3.2

Leadership

Channel leadership is related to the information that some channel members have about other members’ reactions. As a channel leader, an intermediary in the channel acts with more information than a follower (as she knows the follower’s reaction function). Thus, the channel leader has the opportunity to declare her strategy first, and the follower can only react to this strategy. Since the channel leader has the opportunity to influence the follower’s strategic decisions, some marketing scholars have advocated the notion of having a “chain captain”, who acts as a coordinator of the channel (see, e.g., Stern and El-Ansary (1992)). Two questions are raised in the literature: Is it beneficial for channel members to have a “chain captain¿’. Add, if so, who should this captain be? Traditionally, the role of captain was assumed by the manufacturer, because it is usually the manufacturer’s brand, goodwill, product quality, and so forth that attract consumers to a retail outlet. Furthermore, the argument was that, since a single retailer buys only a small fraction of a manufacturer’s output, the former was thought to be more dependent on the latter (or less powerful in negotiations). The emergence of huge national and international retailers (e.g.,Wal-Mart, Sears) and the success of many private labels have forced marketing scholars to rethink the issue of leadership. In the game theory literature, the answers to the questions raised above have varied depending on the channel structure and the kind of strategic interactions that take place between channel members.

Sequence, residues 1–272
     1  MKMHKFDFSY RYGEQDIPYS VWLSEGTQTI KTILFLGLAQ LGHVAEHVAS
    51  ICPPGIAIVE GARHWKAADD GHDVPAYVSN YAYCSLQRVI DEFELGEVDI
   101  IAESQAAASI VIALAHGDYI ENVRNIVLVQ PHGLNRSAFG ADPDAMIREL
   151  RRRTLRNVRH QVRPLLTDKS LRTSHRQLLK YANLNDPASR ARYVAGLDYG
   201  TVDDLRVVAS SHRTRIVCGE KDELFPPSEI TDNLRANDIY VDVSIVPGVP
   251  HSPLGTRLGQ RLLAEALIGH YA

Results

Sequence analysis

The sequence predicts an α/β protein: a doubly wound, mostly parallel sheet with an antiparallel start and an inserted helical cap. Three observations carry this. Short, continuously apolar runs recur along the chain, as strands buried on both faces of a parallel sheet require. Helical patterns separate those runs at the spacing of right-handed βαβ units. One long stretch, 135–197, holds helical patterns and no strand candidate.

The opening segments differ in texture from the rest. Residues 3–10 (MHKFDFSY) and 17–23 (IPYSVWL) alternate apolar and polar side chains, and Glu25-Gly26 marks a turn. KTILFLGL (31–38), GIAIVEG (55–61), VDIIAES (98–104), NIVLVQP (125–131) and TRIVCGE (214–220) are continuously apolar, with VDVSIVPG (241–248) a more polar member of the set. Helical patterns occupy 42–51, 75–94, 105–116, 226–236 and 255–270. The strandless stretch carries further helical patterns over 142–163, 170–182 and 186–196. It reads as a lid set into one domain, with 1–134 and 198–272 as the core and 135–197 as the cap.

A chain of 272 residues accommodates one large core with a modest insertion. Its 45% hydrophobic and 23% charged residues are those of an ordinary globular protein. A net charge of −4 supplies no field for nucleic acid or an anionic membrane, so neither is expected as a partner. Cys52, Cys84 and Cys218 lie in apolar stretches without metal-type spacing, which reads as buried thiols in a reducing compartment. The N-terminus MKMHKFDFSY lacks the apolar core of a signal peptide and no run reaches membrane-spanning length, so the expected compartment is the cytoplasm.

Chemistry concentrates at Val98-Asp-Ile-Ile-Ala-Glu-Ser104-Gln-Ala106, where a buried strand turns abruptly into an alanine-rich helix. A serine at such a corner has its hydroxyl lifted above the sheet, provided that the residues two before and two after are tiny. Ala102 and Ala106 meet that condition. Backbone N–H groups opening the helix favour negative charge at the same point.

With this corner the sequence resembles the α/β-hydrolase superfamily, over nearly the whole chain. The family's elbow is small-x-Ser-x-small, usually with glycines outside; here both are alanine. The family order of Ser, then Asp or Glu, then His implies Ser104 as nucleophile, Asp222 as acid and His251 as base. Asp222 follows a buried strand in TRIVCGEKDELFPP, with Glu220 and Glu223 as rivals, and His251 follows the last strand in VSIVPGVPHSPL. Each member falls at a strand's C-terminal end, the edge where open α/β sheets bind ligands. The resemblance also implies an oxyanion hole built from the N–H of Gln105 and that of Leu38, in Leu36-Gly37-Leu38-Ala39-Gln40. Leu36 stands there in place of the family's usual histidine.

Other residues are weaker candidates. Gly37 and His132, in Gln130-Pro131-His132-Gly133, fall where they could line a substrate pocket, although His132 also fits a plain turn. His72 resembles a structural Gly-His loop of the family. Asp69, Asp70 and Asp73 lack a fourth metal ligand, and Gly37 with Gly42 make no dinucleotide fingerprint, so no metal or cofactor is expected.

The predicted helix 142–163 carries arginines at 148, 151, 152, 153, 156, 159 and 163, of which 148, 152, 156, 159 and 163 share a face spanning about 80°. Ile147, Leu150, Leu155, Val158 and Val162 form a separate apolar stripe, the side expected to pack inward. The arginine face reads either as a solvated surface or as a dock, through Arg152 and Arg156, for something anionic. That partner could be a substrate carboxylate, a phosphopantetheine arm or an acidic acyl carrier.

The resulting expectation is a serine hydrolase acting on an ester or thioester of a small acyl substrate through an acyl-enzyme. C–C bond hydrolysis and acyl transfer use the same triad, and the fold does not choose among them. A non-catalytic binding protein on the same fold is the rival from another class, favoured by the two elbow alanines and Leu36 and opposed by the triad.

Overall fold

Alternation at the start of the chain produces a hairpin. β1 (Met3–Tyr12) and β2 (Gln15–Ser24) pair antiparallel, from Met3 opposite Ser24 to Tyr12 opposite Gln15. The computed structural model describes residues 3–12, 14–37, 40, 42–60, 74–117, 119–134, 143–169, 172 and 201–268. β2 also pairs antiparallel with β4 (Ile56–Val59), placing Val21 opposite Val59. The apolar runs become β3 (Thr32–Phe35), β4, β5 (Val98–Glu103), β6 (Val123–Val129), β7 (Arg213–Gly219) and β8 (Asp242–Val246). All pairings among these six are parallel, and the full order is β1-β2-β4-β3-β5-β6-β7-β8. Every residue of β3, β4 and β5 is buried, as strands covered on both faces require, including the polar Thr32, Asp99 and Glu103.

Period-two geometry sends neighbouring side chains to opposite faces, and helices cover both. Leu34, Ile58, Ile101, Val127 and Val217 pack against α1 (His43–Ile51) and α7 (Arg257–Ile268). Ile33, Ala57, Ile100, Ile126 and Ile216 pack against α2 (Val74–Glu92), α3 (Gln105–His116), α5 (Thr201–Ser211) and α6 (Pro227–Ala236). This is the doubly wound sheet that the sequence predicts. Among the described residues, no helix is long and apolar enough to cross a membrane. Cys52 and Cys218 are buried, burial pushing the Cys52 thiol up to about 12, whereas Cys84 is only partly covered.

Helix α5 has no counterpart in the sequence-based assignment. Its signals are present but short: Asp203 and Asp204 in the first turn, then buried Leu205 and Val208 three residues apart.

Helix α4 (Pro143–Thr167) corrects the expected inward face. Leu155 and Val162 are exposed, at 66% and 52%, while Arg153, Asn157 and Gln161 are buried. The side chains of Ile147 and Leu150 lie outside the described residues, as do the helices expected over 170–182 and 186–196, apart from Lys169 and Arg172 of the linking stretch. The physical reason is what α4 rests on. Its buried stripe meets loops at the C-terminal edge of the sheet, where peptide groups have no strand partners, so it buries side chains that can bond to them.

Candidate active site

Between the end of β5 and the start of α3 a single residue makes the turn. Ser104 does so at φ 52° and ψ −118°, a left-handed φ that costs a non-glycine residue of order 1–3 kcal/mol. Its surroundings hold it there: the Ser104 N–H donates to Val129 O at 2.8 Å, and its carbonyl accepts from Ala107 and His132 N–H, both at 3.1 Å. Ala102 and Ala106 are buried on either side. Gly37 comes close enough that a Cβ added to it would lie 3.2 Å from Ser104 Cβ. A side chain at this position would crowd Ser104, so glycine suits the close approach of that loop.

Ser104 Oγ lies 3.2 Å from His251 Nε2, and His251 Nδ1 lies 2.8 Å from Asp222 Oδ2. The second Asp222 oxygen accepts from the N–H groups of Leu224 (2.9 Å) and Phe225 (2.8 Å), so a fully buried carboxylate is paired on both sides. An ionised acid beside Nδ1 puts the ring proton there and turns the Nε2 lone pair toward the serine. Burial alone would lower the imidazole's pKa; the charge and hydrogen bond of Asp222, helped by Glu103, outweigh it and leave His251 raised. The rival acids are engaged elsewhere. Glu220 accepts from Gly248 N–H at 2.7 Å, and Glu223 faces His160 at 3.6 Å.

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Choi (1996) considered a channel composed of two competing manufacturers i, k (i, k = 1, 2; i 6= k) selling their products through two common retailers j, l (j, l = 1, 2; j 6= l ). The demand function faced by retailers is the following: qij = 1 − pij + α (pkj − pij ) + β (pil − pij ) , where qij is the quantity of product i sold by retailer j, and pij the retail price. The strategic variables are the wholesale prices for manufacturers and retail margins for retailers. Note that by assigning special values to the product and store substitutability parameters, α and β, one recovers simpler channel structures and the results that would apply. Indeed, setting β = 0 leads to a channel formed of two competing manufacturers selling their products though a common retailer. A channel structure where two competing retailers sell the product of a unique manufacturer is obtained by setting α = 0, and a bilateral monopoly by taking α = β = 0. Choi (1996) compared individual and total channel profits under three leadership scenarios: (i) a vertical Nash scenario (VN), where manufacturers and retailers play a Nash game and the channel has no leader; (ii) a manufacturer Stackelberg scenario (MS), where manufacturers are the channel leaders; and (iii) a retailer Stackelberg scenario (RS), where retailers are the leaders. Choi showed that the total channel profit is maximized when there is no channel leader (VN). However, on an individual basis, the channel member that acts as a leader earns higher profits, compared to the cases where she is the follower, or when there is no channel leader. Thus, the vertical Nash leadership is an unstable structure since each channel member has an incentive to act as a leader. Furthermore, the author proved that product differentiation benefits manufacturers but hurts retailers, while store differentiation is preferred by retailers. Therefore, depending on the combination of differentiation parameters, the effect of channel leadership could be beneficial or damaging to total channel profits. Therefore, the leadership structure that allows channel coordination is never stable, since each channel member could increase her individual profit by choosing a channel partner with a high (or low) differentiation parameter compared to its competitors. Furthermore, according to Choi (1991,1996), the results concerning the effects of leadership on channel efficiency also depend on the type of strategic dependence that takes place between channel members.5 As in Moorthy (1988), Choi (1991) examined the issue of channel leadership by using two types of demand functions and different cost structures implying multiple situations of strategic dependence. The channel structure examined in the 1991 paper was that of a retailer distributing the products of two competing manufacturers. The results he obtained under a linear demand function are consistent with those obtained later in Choi (1996), and state that channel leadership is not desirable for the whole industry, and that the absence of a channel leader is not a stable solution since each 5 In Choi (1996), the linear demand function implies a vertical strategic substitutability effect between channel members. Under this condition, the retailer’s optimal reaction to an increase in the manufacturer’s wholesale price is to decrease her retail margin.